Monday, 2 September 2013

Recipe: Beef and ale casserole

In my renewed effort to be more healthy, one of things I've promised myself  is to start eating proper food again. I'm trying to make my meals more balanced and include some decent protein and vegetables. I'd recently got into a rut of eating whatever was in the freezer, favourite pasta dishes, or even worse, takeaways and ready meals. I don't mind them occasionally but it was becoming far too regular for my liking.

So when I felt a bit of a nip in the air on Saturday I decided what we needed was a beef casserole, or a stew if you're that way inclined.

As far as I know the main difference between the two is the casserole is the dish used to cook it in the oven, so presumably if you cook it on the hob it's a stew.

We tucked into this Beef and ale casserole last night and there's plenty left for this evening's meal too.

Beef and ale casserole

Serves 4 to 6 depending on appetite
800g stewing steak (or shin of beef) cut into chunks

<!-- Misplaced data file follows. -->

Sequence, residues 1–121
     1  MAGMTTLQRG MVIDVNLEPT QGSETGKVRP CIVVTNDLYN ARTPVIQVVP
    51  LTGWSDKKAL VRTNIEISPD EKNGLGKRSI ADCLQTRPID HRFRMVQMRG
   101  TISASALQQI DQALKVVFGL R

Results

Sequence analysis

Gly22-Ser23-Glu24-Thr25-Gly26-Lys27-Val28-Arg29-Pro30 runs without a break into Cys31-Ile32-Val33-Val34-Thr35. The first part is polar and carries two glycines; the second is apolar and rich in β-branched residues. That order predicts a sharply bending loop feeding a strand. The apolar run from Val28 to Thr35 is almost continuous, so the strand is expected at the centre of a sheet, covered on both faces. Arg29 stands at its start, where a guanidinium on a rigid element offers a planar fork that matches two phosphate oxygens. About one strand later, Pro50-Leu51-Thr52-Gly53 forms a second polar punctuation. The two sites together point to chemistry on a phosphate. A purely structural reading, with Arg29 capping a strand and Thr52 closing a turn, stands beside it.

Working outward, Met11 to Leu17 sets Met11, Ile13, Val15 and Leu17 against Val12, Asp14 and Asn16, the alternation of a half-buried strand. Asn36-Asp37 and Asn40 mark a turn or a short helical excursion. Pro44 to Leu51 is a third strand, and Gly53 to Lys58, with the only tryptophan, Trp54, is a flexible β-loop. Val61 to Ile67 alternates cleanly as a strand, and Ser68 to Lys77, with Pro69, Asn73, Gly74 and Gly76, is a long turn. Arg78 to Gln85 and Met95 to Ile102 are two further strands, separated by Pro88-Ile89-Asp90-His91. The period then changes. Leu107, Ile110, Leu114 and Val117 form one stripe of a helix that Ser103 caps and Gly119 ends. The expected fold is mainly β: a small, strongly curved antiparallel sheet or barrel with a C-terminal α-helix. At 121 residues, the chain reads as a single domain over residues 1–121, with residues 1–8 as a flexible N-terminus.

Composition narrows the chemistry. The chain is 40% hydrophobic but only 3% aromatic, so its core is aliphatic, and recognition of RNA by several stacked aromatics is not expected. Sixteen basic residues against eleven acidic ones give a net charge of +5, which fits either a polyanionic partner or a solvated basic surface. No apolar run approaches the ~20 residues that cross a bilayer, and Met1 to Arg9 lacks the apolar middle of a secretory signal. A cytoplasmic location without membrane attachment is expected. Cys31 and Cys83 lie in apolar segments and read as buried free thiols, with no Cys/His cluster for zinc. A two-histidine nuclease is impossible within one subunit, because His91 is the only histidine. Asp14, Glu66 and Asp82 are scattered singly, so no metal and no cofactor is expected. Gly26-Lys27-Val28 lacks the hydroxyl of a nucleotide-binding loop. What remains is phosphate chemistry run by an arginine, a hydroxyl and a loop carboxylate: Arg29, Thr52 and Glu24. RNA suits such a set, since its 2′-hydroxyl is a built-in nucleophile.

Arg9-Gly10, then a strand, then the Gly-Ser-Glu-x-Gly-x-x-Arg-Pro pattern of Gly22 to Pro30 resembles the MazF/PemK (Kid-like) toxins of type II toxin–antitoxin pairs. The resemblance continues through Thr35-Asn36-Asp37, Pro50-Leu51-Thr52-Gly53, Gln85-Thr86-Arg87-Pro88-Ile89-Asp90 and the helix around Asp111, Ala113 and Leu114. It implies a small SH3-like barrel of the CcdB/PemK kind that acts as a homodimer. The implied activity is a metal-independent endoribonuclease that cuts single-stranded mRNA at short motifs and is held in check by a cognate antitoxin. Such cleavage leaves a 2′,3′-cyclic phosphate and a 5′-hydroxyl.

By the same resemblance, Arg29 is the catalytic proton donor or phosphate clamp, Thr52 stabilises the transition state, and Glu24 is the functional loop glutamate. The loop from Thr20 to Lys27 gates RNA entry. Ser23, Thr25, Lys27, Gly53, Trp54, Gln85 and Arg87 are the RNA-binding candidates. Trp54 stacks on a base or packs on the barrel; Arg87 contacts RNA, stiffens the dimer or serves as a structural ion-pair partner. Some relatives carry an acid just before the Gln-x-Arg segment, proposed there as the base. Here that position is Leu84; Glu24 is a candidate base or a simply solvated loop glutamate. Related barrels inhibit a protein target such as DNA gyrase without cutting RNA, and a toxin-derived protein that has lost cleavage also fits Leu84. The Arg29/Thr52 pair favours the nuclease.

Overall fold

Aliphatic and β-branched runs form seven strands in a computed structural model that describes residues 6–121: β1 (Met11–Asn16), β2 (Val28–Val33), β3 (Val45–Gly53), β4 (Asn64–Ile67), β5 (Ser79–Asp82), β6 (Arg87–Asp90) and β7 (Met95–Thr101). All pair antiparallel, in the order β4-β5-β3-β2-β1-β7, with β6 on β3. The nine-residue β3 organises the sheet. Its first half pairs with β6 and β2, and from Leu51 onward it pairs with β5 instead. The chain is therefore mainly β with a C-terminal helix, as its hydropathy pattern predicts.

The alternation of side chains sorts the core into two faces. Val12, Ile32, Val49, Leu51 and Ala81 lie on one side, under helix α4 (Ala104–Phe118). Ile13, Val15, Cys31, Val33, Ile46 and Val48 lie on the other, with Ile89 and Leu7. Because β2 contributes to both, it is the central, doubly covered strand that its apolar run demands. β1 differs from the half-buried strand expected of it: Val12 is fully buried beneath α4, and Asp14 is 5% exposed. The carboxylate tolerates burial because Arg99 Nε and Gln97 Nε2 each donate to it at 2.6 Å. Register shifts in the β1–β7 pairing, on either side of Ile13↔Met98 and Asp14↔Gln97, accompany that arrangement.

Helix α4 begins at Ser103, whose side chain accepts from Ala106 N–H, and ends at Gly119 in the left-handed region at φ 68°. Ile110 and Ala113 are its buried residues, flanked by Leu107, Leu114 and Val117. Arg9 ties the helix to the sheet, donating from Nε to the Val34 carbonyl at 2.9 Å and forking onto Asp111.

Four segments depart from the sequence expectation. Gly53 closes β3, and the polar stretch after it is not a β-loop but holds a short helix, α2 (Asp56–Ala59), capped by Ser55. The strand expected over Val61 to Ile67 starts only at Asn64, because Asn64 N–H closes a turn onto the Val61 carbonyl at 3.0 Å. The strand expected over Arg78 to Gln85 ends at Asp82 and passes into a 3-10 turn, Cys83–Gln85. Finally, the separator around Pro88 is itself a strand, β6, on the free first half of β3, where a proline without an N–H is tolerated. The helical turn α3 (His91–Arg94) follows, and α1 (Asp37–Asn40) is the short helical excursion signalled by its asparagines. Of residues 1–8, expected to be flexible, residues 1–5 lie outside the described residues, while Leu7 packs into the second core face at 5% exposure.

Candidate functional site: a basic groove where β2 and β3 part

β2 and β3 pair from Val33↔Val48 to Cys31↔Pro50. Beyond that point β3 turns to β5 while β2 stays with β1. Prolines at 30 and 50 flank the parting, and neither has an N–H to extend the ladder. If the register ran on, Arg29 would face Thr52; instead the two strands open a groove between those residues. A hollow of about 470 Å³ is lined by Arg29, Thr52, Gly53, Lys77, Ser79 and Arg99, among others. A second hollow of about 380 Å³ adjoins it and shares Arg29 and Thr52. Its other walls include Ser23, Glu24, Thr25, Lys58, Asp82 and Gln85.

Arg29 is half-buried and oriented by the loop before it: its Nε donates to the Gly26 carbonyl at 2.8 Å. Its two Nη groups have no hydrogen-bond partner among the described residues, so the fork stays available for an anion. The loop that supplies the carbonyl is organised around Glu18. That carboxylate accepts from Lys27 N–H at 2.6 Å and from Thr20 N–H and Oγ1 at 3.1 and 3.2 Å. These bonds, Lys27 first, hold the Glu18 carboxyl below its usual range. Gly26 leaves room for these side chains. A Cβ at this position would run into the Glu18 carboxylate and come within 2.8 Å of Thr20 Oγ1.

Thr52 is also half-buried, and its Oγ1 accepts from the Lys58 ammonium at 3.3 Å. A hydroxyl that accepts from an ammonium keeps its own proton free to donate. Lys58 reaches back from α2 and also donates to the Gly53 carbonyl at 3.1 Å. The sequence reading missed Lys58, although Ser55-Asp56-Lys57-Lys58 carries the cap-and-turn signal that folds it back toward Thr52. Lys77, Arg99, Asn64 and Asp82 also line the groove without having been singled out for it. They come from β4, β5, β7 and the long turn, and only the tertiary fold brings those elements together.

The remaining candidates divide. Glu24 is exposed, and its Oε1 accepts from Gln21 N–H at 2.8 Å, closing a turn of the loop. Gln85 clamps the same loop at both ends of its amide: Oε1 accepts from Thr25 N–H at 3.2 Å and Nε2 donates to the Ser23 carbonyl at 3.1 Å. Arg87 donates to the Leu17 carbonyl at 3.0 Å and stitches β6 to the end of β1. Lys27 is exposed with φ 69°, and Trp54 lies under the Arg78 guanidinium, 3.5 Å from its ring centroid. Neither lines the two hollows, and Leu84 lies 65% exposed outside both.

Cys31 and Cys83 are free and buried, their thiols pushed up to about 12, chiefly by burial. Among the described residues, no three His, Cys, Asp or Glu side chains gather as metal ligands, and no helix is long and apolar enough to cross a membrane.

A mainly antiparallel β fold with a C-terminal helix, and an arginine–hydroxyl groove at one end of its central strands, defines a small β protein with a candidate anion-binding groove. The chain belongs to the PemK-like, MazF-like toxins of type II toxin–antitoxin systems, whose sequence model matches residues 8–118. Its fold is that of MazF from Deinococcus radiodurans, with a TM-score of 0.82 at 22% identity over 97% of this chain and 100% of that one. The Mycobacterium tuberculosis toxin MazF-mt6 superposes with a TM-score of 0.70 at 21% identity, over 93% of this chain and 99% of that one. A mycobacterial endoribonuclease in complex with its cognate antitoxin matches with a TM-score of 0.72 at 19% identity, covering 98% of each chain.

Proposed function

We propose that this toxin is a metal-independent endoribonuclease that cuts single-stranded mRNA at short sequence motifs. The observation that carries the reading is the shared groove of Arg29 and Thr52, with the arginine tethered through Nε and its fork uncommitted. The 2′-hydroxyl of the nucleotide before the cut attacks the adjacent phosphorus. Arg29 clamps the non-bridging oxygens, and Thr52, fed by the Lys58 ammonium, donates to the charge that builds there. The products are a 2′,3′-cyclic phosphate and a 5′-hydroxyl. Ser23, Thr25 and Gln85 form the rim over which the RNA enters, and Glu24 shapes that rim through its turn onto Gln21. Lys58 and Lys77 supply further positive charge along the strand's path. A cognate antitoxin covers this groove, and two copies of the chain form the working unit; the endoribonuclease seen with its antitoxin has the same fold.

2 tbsp seasoned flour 
500g butter
2 tbsp sunflower oil
2 chopped onions
300ml stout (Guinness or similar)
2 tbsp tomato puree
half tbsp sugar
1 bay leaf
1 tbsp dried thyme
salt and freshly ground black pepper

Pre-heat the over to 170°c/325°F/gas mark 3

Toss the meat in the seasoned flour. I put the flour in a freezer bag then throw in the meat and shake it
around to dust the meat with the flour.

Put half of the butter and oil in a pan and brown the steak in batches, don't overcrowd the pan or it won't brown. Transfer each batch into a casserole dish.

When all of the meat is browned, add the rest of the butter and oil to the pan and fry the onions until just starting to brown. Add to the casserole.

Pour the stout into the pan, bring to the boil while scraping the residue from the bottom (that's what will give the casserole some extra flavour). Add approx. 200ml boiling water, the tomato puree and sugar and pour into the casserole. Add the bay leaf and thyme, salt and pepper.

Cover and transfer to the middle of the oven for about 2-3 hours. Check to see if meat is tender, adding more water to cover meat if needed. Be careful to remove the bay leaf before serving.

Serve with buttered mash and seasonal veg.

As with all stews/casseroles it tastes even better the next day, so if you're really organised get it made the day before you want to eat it and leave the flavours to develop overnight.

Absolutely delicious, especially now that autumn's in the air.

This post was written in association with Schwartz